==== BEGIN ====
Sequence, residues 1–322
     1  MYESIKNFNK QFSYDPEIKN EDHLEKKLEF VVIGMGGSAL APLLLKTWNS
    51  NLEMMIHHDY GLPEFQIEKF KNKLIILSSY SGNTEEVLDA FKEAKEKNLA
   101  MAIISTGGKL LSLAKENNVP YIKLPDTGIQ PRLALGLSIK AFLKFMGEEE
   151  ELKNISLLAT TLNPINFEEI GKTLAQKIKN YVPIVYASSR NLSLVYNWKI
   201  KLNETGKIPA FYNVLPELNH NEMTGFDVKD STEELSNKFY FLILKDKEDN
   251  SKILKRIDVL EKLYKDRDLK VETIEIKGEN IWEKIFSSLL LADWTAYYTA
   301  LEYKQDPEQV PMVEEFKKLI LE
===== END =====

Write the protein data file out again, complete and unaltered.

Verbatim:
Sequence, residues 1–322
     1  MYESIKNFNK QFSYDPEIKN EDHLEKKLEF VVIGMGGSAL APLLLKTWNS
    51  NLEMMIHHDY GLPEFQIEKF KNKLIILSSY SGNTEEVLDA FKEAKEKNLA
   101  MAIISTGGKL LSLAKENNVP YIKLPDTGIQ PRLALGLSIK AFLKFMGEEE
   151  ELKNISLLAT TLNPINFEEI GKTLAQKIKN YVPIVYASSR NLSLVYNWKI
   201  KLNETGKIPA FYNVLPELNH NEMTGFDVKD STEELSNKFY FLILKDKEDN
   251  SKILKRIDVL EKLYKDRDLK VETIEIKGEN IWEKIFSSLL LADWTAYYTA
   301  LEYKQDPEQV PMVEEFKKLI LE